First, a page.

Recently, photos of the Togolese Head of State flooded the web, the images became viral in a matter of minutes and a lot of buzz on social networks.
In almost 15 years of power, Faure Gnassingbé, despite his angelic appearance, has proved to be a resentful, unforgiving, and uncompassionate leader. At the height of the August 2017 crisis, a German newspaper called him a “snotty president”. Seeing this man dressed in a sloppy manner, giving the impression of praying, may seem surprising to Togolese public opinion.
The comments are numerous and highlight the state of shock and daze of those whom Faure Gnassingbé thinks he leads.
“This man, I don’t understand him, the children are killed by his police, he didn’t cry and it’s the death of the old Chirac that puts him in this state”?
“Why is he praying?”
“Does he feel human too? What’s the matter with him? “Remorse?”
“He too knows how to meditate and pray?”
This shows the state of surprise of the Togolese people to see that it can also happen that Gnassingbé Faure prays.
Indeed, according to the dictionary, prayer is an act by which one addresses God. It can be intercession, praise, confession, worship or gratitude.
How can we understand Mr. Faure Gnassingbé, whose power is characterised by incredible violence, brutal force and the murder of children, while he prays?
How can we pray and allow abuses of all kinds to flourish, as well as systematic violations of the most basic rights of citizens?
Coming into power through a bloody campaign, he governs with blood on his hands, and yet he prays. A true paradox.
What can he say in his prayers? Beg for a blessing to continue to traumatise the people of Togo? What prayer can one say if one keeps his own brother in prison for more than 10 years?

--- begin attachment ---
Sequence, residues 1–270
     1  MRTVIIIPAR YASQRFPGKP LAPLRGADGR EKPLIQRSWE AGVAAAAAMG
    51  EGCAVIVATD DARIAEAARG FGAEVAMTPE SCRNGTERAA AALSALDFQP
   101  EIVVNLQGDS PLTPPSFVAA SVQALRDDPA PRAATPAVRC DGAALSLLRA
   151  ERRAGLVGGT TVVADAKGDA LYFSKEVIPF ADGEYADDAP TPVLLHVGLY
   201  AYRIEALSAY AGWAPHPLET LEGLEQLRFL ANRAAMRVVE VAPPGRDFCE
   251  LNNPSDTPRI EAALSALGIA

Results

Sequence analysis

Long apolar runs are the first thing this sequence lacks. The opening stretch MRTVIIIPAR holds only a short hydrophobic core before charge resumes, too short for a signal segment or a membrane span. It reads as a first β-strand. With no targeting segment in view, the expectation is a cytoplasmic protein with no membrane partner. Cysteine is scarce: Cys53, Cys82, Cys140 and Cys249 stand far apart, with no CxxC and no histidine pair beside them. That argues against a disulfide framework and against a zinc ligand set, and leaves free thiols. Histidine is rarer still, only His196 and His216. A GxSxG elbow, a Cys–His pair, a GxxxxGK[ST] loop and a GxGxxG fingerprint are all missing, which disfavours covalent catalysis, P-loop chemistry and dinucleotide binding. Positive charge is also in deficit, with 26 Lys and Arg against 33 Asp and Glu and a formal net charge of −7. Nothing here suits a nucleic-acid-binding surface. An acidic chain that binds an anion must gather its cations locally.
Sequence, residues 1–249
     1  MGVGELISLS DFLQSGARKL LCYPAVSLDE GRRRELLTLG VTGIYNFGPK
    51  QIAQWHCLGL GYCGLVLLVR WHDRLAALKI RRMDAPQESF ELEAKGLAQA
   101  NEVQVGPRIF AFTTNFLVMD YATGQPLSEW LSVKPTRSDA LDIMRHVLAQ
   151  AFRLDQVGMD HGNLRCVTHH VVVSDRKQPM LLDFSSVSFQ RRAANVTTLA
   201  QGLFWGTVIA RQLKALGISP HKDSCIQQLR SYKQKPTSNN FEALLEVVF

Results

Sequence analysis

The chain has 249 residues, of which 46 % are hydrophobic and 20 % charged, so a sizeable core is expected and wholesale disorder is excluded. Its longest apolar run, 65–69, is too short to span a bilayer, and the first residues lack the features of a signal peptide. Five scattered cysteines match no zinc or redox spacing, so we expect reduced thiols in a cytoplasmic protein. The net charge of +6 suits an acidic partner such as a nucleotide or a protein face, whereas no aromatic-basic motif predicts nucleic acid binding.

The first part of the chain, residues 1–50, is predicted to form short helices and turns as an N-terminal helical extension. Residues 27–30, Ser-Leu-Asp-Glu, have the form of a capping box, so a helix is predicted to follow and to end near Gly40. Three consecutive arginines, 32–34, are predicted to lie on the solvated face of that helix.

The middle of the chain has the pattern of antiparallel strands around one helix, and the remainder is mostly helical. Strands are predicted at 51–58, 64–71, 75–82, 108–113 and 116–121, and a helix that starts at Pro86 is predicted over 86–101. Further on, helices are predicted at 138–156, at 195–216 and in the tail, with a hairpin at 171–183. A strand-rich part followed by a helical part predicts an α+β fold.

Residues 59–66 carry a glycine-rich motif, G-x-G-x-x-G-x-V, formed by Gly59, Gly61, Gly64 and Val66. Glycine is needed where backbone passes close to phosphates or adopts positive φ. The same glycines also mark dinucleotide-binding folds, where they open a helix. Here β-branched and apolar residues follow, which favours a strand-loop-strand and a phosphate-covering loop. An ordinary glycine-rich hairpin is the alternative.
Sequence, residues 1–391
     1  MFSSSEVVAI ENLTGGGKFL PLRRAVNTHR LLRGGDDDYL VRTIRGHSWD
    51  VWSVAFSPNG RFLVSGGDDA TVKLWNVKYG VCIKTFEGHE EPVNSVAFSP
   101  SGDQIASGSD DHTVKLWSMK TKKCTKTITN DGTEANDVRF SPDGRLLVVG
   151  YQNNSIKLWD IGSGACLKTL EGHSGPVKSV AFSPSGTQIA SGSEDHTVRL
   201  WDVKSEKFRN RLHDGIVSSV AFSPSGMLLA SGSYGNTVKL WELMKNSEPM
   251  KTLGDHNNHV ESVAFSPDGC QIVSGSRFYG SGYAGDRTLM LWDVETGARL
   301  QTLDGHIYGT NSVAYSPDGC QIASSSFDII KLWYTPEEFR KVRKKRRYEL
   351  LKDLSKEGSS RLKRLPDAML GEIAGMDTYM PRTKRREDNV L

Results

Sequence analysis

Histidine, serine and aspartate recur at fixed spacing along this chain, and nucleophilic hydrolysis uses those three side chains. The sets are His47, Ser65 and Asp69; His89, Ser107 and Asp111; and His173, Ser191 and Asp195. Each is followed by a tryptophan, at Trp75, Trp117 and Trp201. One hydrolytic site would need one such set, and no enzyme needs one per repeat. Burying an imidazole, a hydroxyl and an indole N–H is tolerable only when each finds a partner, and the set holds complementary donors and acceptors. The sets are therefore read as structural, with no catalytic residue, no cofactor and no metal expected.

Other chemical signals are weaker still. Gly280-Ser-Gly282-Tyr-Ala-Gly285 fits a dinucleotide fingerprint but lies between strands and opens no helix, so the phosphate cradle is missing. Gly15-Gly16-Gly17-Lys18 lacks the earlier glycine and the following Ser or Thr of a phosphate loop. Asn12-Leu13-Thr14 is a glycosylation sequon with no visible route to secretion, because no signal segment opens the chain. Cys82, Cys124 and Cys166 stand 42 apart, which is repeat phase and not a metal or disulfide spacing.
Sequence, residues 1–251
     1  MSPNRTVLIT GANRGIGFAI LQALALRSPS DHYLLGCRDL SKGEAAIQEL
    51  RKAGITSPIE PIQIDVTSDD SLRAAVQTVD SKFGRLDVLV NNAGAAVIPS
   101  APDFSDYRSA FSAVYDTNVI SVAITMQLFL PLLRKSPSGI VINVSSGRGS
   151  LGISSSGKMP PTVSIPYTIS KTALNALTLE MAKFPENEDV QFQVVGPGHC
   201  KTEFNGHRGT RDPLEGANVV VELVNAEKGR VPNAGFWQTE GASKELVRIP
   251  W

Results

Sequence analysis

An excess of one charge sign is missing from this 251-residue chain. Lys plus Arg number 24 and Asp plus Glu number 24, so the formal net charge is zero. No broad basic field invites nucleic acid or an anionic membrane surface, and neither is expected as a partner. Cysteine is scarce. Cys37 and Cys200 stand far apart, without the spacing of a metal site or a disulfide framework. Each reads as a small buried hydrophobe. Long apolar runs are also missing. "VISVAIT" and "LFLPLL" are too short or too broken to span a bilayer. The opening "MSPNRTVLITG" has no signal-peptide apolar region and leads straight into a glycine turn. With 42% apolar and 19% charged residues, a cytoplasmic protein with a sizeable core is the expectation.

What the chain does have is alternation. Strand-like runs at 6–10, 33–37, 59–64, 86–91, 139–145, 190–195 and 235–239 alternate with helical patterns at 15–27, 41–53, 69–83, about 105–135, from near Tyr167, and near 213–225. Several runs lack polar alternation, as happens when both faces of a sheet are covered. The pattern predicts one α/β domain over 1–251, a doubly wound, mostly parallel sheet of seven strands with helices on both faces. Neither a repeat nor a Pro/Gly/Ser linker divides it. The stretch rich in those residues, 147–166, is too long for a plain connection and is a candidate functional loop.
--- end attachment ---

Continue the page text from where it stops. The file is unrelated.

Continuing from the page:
If his brother Kpatcha Gnassingbé does not find grace in his eyes, what average citizen can find it? As for evidence, the young student Folly Satchivi and others are still in detention.
If it is a communication move as some observers argue, it is a failure.
These images arouse indignation and disdain on the part of a people mutilated by acts of violations of human dignity committed by Faure Gnassingbé and his accomplices.
A communication move to sell a simple and modest Faure Gnassingbé, is a failure. Togo’s number one appeared rather sloppy, in the role of a real actor.
A few steps away from the presidential elections of 2020, these images of a Faure Gnassingbé who would recognise himself as a “poor sinner” makes the less naive smile. ”No to a 4th term” has never been louder on the web.
Even the “Saint Faure Gnassingbé”, dressed as Mother Teresa of Calcutta in a state of destitution, whether in reality or in dreams, is something the Togolese, in their great majority, do not want.
May the true Saints enlighten Faure Gnassingbé to make the wise decision to renounce power. The sky will not fall and the earth will not tremble either. There is an end to everything.
“Even heaven is a prison when you can’t leave it.” Clem Tor